Roberto Calasso died this year in July at the age of 80. His latest publication, The Book of All Books, was the tenth book in a series, a narration that moves through the Bible as if through a forest, where every branch—every verse—may offer some revelation. Jonathan Galassi writes about first meeting Roberto Calasso and the process of working with him over the years.
I first met Roberto in the 1980s, at the home of Roger Straus. The guests that evening included Alberto Moravia and his wife Carmen Llera and Edna O’Brien—Roger’s pals—and Calasso was very much at home with them, a live wire, allegro and mischievous. Though a generation younger than Roger, he was already a longstanding member of the happy few club of international publishers, self-selected literary grandees still sailing along on the fumes of their authors’ reputations. Their enjoyment of each other and of the work they did, were both intimidating and infectious.
Calasso by then had been cutting a wide swath in Italian publishing for a good twenty-five years. He’d joined Adelphi, a scholarly house founded by a pair of friends, as the name implies, in the early sixties, and had brought it great energy and panache, eventually making it his own, by following the advice of the company’s legendary founding guru and guiding spirit Roberto (Bobi) Bazlen: to publish “only books we really like.” The books Roberto really liked were literary—far-flung, sophisticated, and above all, written—and Adelphi came to have a major impact on the Italian scene. Fashionable Milanese ladies had tables in their salotti that fairly groaned with Adelphi titles dressed in their elegant, severe covers. Some said they were the only books they read.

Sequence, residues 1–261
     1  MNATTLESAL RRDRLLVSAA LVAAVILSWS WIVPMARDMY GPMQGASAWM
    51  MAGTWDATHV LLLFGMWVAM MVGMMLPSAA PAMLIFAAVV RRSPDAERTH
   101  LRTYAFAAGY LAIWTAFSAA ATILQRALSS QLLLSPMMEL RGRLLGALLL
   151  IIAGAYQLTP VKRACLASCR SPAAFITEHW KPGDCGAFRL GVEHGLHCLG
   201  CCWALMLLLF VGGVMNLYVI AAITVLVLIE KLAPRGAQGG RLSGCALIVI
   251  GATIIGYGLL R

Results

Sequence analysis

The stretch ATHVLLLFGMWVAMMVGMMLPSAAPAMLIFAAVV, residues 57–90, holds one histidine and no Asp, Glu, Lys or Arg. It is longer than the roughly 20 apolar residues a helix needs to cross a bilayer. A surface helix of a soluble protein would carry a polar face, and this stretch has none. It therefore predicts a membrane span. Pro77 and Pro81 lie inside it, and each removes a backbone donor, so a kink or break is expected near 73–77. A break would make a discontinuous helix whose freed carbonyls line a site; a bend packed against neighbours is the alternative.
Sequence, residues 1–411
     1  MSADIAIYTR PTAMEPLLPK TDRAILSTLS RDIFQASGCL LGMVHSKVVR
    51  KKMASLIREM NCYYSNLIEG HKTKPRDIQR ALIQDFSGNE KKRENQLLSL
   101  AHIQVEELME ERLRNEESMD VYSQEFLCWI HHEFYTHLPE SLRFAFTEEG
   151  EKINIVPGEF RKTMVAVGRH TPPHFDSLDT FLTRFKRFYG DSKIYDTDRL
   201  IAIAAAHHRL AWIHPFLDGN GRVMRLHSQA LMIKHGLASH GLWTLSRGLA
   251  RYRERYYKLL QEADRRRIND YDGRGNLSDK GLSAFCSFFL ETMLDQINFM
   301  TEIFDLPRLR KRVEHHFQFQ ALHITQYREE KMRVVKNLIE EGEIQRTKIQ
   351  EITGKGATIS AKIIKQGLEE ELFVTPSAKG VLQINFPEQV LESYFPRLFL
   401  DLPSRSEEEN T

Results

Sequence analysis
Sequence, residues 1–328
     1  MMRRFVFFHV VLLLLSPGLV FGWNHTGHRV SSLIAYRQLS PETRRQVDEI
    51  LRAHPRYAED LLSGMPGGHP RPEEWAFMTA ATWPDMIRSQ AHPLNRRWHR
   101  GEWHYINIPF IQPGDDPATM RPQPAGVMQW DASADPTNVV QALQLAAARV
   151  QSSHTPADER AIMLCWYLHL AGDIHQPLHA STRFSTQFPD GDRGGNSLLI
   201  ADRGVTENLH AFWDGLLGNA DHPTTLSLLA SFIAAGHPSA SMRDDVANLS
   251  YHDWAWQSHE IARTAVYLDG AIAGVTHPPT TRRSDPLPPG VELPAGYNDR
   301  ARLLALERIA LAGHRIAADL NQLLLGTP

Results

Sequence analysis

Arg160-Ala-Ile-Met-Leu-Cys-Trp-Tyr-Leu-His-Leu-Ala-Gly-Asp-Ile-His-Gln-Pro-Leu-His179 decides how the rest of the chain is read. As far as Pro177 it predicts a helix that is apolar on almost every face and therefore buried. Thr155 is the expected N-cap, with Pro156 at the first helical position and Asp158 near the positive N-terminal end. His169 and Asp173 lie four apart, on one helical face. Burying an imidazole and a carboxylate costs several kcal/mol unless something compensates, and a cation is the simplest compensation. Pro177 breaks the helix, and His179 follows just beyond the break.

Being a latecomer to the party, as the new kid on the block is, Calasso knew that best-selling writers like Moravia and Morante, Calvino and Eco were out of range for a company with shallow pockets like his. He went searching elsewhere, notably in Bazlen’s beloved Mitteleuropa, and made hay with authors like Joseph Roth, Elias Canetti, and Milan Kundera. It was said he preferred his authors posthumous, and he had huge successes with, for instance, Georges Simenon’s Maigret novels which had been languishing in someone else’s warehouse. It was a matter of attitude and finesse, “sprezzatura,” the Italians call it—in the service of a cosmopolitan understanding of literature as a conversation across cultures and generations. And it could be great commerce. too. To see Roberto at the Suhrkamp Verlag luncheon during the Frankfurt book fair fielding offers for Sandor Marai’s Embers, a romance about pre-WWI Austro-Hungarian chivalry which he made into a world-wide bestseller, was to understand how far an astute nose and a pitch-perfect sense of style could take a canny publisher.